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The Determination To Succeed: A Conversation With J.R Fortin

By Tammy Reese

Actor, Writer, Producer, and Director J.R. Fortin has directed many actors on many sets, and also he has run operations for a Fortune 500 company. The ability to be a successful creative goes hand and hand with having the experience of being a successful leader. J.R. Fortin’s resume, talent, experience, and determination have brought him to his current point of success. But how did his determination and success begin? We have followed his career for quite some time and was eager to learn from him while we continue to be inspired.

J.R. Fortin is best known for his series, Hearts of New England. In this series, he alone has won 30 awards and the series as a whole has won 60+ awards. The series is based on his character, Sebastian, coming home from war but not being able to escape war because his dad is the head of the mob.

Despite being most known for Hearts of New England, J.R. has been on over forty film sets and has been the lead in Suicide Hotline and For Bobby. His first film appearance was in the movie Paper City Burn Out.

What life lessons have stuck with you throughout your personal and professional life which played a major role in establishing you as a successful leader?

The best thing that ever happened to me in grade school was actually a teacher, Kirby Reardon. He gave me the itch to want to do more than average work. Under his teaching, I went from being someone who never did co-curricular activities to being signed up for several, as well as running and becoming the class president. Then I would go on later in life to run operations for a Fortune 500 company and to operate my own film company while getting an associate’s degree in legal studies and a bachelor’s degree in business management operations.

I’ve been put in a lot of situations where I had to take charge because that’s the hand God dealt. If you want to be a leader your biggest focus has to be on O.Q.P., only quality people. You have to live by this or it will destroy you. You need to have a handful of people you surround yourself with that are striving to achieve success and have goals and aspirations. If you’re with people that don’t add value you don’t need to stop being friends with them but you have to give them less time. You are the coach of your own success. You need to remove deadweight. This would be people with negative attitudes or toxic traits like creating animosity and limiting stagnant players. These would be people just not making any move, they don’t talk about goals, education or anything beneficial to increase your quality of life. It’s like a basketball team where the top five players get the most time. You can get money back, you can get stocks back, the one thing you can’t get back is time.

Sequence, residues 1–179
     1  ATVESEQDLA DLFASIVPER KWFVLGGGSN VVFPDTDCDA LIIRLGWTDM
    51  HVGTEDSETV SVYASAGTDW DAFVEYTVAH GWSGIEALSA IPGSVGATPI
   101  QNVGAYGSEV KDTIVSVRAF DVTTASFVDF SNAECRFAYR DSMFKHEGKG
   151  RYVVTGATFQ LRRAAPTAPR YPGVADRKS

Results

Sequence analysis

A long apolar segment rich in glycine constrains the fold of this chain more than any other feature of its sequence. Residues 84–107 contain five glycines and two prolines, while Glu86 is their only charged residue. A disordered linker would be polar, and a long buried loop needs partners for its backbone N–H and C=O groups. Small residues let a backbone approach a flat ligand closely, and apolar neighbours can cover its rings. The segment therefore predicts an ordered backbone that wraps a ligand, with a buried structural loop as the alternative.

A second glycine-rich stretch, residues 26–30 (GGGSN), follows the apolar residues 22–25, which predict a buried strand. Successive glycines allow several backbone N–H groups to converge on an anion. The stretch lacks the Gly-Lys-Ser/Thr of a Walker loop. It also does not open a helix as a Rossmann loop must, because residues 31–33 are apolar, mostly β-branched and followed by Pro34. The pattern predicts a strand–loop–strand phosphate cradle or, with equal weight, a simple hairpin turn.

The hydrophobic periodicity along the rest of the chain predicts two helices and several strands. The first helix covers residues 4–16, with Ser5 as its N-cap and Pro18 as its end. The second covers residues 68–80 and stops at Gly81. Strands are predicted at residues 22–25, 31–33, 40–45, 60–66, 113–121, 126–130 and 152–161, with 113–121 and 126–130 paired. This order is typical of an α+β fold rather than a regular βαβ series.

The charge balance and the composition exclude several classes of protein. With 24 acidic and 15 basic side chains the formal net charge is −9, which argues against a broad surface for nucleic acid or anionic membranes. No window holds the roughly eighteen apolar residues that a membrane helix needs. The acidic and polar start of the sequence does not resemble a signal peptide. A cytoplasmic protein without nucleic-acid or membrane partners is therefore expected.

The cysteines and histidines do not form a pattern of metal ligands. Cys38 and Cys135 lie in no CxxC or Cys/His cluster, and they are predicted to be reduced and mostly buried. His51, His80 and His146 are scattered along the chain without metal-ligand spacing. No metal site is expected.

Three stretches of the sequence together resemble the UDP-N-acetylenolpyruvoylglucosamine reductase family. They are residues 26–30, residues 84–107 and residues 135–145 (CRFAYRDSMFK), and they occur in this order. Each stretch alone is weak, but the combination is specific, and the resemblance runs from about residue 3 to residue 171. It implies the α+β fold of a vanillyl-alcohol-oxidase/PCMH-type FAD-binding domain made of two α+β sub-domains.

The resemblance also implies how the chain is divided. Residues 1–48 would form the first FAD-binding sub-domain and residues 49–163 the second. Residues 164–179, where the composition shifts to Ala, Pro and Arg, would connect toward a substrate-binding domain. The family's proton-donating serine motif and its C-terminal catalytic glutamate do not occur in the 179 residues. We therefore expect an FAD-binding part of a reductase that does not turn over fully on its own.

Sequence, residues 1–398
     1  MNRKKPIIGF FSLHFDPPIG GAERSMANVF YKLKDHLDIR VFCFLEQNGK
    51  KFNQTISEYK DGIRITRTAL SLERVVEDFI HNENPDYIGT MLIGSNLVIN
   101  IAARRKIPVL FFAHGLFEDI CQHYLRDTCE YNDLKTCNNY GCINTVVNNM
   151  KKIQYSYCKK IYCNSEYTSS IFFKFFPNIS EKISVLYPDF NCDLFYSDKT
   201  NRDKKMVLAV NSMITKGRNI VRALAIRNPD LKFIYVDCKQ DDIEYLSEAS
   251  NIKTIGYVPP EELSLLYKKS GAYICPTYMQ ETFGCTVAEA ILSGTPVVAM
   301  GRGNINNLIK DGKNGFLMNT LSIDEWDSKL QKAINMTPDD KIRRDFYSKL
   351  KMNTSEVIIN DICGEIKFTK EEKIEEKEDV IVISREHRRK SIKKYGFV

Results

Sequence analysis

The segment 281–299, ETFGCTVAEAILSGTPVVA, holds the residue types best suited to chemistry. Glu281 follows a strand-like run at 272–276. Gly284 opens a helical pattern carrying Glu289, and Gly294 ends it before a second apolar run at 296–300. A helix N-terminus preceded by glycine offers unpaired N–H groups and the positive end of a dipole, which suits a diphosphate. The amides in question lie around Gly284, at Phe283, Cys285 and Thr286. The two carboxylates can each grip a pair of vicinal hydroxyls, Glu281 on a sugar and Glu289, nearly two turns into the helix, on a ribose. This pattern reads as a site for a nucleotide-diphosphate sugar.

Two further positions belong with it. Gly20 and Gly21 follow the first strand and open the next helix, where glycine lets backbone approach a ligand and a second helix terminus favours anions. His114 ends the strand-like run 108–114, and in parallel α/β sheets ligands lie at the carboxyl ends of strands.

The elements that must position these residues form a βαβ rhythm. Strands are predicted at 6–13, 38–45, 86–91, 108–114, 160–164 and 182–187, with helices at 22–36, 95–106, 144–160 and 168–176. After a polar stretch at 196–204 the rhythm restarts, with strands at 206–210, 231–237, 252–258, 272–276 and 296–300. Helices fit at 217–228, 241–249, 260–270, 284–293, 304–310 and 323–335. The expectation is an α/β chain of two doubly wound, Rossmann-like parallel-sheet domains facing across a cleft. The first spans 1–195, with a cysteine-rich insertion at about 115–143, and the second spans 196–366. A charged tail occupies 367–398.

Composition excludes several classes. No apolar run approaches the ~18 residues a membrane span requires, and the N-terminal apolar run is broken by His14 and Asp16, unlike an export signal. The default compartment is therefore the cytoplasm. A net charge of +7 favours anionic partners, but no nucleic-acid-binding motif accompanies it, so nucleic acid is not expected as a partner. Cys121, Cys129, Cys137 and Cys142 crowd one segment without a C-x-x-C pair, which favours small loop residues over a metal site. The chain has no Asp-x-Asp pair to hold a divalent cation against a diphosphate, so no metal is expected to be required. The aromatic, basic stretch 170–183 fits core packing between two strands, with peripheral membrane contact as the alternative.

Please tell me about your film company and what it takes to keep it going.

A dedicated team I was blessed with people like Christopher Fyfe, Stephen Conicelli, Caitlynn McCauley, Megan Salisbury, and too many more to list. Recently I have had a lot of help from very talented filmmakers from New Hampshire, KJ Traynor and Adam Griswold. All it takes to keep it going is a team of dedicated filmmakers willing to wear as many hats as necessary to achieve success. I try to surround myself with people with the passion for film. Once you have that you’re unstoppable.

What are you and the company producing as of late?

We are really deep diving into Hearts of New England. We have been filming a lot of season 5. I just wrapped directing a vampire film called, My Co-Worker is a Vampire. It was a blast. We are producing another short on April 16 with details to come in the near future. A few local networks have recently picked up Hearts of New England and there is a lot more exciting news to come!



From your experience, do you believe an actor can be a leader on set, or should they leave that to the director? What are your thoughts?

A leader is going to be a leader no matter what their environment is. You should not interfere during takes but a leader would pull someone aside during down time and offer pointers or suggestions. There are lots of factors in film to consider like budgets, especially in the independent film industry. Often time directors trying to do things know it could be better but are limited to resources. I would suggest running any ideas by the director before the actor. The last thing you want to do is cause confusion for the actor.

What are some of your leadership aspirations?

I don’t really have one, a true leader is selfless. I had a very long run under good, high performing leaders and I just want to give back. One day in the near future I think I will put together a class on real leadership and what it looks like.